May Day in Berlin

 May Day in Berlin.

Based in whatever dancing-gayly-around-the-May-Pole pagan history, for more than a hundred years May Day in Berlin is the holiday where you express your political philosophy. Even if that is having no political philosophy. May Day means ‘take this day and tell the world what you think!”

In the recent past, May Day in Berlin has meant mobs of angry workers, bloody fighting in the streets, Nazi marches, Commie parades, and then in the late 80s it took on its current reputation. Misspent punk rock, anarchist riots in the streets, complete with Police water-cannons, tear-gas, and black hooded mobs throwing rocks and burning cars.

But May Day Berlin has actually for some years been quite different than that. The day is still in a very real sense political, but now it’s a big party in the street. (Pictures follow below)

First, a little history:

After the Chicago Haymarket affair became the rallying day internationally for the labor movement, Berlin’s worker unrest in the early 1900s began to focus around the first of May. In the 20s, however, unrest in Berlin was a year-round thing, to the point, indeed, that the post WW I German government had to set up in Weimar. The Weimar government then failed several times to make the controversial day into a holiday, nevertheless everyone kept ‘celebrating’ the day by taking to the streets…which in Weimar were already full of angry people to start, which led to huge riots…among others an infamous bloody fight around the day in 1929 between the Commies and the Socialists (leaving a rift that still exists today between the left and the super left), and later historical bloody fights between the Commies and the Nazis.

During the war the day was made a holiday used by the Nazis to show their supposed support of the worker. And then there’s the grand GDR parades of the post war years, tanks rolling down the Karl Marx Allee and all the comrades marching, waving red flags, wearing a red carnation on their lapel.

And then, in 1987, in the West Berlin neighborhood of Kreuzberg, the low-income, immigrant and rather bohemian (punk rock and junky) neighborhood, May Day gained yet another face. In response to the West German government wanting to take a modern census, which it hadn’t done in some time,  popular support was rallying against the census and on the 1st of May in Berlin the youth took to the streets, and they were angry.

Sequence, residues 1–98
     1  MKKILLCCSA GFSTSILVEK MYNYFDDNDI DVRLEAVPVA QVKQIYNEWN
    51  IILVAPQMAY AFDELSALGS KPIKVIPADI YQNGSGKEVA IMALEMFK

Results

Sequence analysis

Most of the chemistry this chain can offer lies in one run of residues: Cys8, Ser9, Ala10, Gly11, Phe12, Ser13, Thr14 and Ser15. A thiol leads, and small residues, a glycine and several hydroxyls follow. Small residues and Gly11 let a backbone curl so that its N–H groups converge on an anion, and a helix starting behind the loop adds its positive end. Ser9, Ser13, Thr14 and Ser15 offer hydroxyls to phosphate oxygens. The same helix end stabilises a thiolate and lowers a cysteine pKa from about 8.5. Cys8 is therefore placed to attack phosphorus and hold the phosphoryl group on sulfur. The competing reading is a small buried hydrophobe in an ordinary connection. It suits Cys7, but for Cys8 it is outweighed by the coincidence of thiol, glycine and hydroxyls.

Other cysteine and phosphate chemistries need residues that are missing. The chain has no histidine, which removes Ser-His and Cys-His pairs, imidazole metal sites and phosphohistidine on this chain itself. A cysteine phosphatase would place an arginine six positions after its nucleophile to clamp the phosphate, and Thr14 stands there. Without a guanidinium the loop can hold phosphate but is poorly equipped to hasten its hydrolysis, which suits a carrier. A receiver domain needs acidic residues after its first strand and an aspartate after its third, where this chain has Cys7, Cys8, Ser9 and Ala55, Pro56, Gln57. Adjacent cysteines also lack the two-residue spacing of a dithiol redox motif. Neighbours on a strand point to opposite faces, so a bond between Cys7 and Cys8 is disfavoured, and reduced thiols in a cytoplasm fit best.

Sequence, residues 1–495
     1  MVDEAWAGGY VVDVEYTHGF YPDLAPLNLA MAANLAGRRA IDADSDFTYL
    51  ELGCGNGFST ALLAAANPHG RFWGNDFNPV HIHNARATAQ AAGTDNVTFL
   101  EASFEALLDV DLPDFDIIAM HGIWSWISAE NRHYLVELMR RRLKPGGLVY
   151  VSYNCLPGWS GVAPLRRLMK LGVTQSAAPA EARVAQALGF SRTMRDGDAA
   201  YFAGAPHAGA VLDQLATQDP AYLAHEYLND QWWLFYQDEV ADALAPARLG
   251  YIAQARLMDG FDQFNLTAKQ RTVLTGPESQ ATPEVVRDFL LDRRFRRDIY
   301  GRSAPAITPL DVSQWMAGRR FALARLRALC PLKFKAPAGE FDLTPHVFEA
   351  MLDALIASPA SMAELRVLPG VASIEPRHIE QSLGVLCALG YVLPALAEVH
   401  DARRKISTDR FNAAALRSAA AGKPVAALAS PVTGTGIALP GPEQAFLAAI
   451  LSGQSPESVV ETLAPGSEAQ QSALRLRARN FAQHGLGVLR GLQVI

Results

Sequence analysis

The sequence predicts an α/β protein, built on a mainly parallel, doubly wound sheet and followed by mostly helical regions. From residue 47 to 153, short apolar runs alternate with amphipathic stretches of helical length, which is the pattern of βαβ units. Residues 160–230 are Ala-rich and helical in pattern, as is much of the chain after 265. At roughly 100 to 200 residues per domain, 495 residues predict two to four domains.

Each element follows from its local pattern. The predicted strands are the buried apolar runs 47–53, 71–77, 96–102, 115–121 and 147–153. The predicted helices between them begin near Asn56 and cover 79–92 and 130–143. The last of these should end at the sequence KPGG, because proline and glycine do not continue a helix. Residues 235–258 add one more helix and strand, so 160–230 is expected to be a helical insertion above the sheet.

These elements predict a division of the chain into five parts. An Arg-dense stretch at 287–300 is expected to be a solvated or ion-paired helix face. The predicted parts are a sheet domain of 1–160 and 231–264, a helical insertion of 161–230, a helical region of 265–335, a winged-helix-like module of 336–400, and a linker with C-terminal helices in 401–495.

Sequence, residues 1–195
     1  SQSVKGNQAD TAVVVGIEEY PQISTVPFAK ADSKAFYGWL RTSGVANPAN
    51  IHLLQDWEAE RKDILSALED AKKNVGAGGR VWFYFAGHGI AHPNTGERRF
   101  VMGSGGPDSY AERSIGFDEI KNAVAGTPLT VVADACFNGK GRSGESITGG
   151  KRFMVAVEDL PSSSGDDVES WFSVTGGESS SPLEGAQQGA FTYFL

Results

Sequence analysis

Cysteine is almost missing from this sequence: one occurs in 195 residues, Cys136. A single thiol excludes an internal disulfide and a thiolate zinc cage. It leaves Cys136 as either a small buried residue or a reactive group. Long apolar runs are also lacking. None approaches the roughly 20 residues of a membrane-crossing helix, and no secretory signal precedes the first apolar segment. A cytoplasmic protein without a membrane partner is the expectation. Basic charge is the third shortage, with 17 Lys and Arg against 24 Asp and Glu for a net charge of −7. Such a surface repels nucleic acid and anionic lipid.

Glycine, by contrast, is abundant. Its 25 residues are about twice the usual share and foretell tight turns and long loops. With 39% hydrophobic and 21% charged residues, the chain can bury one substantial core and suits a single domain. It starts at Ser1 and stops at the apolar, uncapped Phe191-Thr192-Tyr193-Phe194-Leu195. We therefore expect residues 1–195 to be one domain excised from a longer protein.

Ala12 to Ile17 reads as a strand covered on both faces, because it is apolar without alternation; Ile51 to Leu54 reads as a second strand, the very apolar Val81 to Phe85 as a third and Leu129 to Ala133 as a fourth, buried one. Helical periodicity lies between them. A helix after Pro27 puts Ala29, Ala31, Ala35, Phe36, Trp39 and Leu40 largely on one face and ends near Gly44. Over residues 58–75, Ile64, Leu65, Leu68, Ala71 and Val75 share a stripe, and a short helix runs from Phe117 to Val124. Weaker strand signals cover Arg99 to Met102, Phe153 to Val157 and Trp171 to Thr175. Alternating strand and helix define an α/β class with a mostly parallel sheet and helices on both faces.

Kreuzberg burned for days. And for years during the 90s it got pretty bad. Lots and lots of injuries, arrests, millions in property damage.

Tradition became in Berlin that half the city took to the streets as either union marcher, Kreuzberg rioter or violence voyeur, and the other half  fled the city altogether.

When we lived here six years ago, there were still mild riots…several hundred arrests were made, dozens injured, cars burned…but the city had begun to introduce a new idea, and the violence was actually less than years previous. After trying the tough love strategy in the 90s, basically attempts at overwhelming police presence, that only resulted in running street battles and bigger and bigger riots, in around 2000 the city came up with idea, maybe they should try something else.

Why not flood the area where they normally riot with concerts, crafts, and general festival, if they’ll spend their time macking on girls instead of throwing rocks?

“Invite more youth to join in the riot?” Madness, some said. But the city gave it a try.

The plan took some tinkering. It was scary to set up a party in the middle of a war zone, and they were perhaps too timid at first, throwing too small a party, and accordingly too few people came at first.

But each year the party grew bigger and each year the violence gradually declined. This year, in 2011, only a few dozen were injured and another several dozen arrested.

In the morning, the Unions marched , tens of thousands of union members whistling their way through the city. Here and there clusters of police brigades gather in preparation for any ruckus. And ruckus, there was.

But almost exclusively of the peaceful sort. The masses of Berlin’s youthful people, tens of thousands gathered in a show of solidarity…and then they danced to live music, ate food from local restaurants who set up on the street, discussed politics at info stands, and drank copious amounts of beer and calparinias. Not a corporate sponsored party…a mostly organic, locally organized party. And that is political in itself.

Yes, alas blowing stuff up isn’t as popular as it once was in Berlin. Today’s Berlin is a peaceful place, where Brazilian cocktails have replace the molotov sort. Instead of marching with their fellow tradesmen, since we’re all freelancers, instead of burning cars and buildings and stoning the police, as was once ‘all the rage,’ Berlin’s youth prefer in this case (and in most cases) to have a big half-spontaneous party to show solidarity with the modern worker, themselves. Take a friggin’ day off.

Here’s a few picts.

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About Andrew Flohr-Spence

Something about the sound and the word. Was a singer/bassist for five years, a German major for five, an English teacher in Germany for another five, then a journalism major in Denver for 5 more, and now I'm back in Berlin (for a while, I intend).
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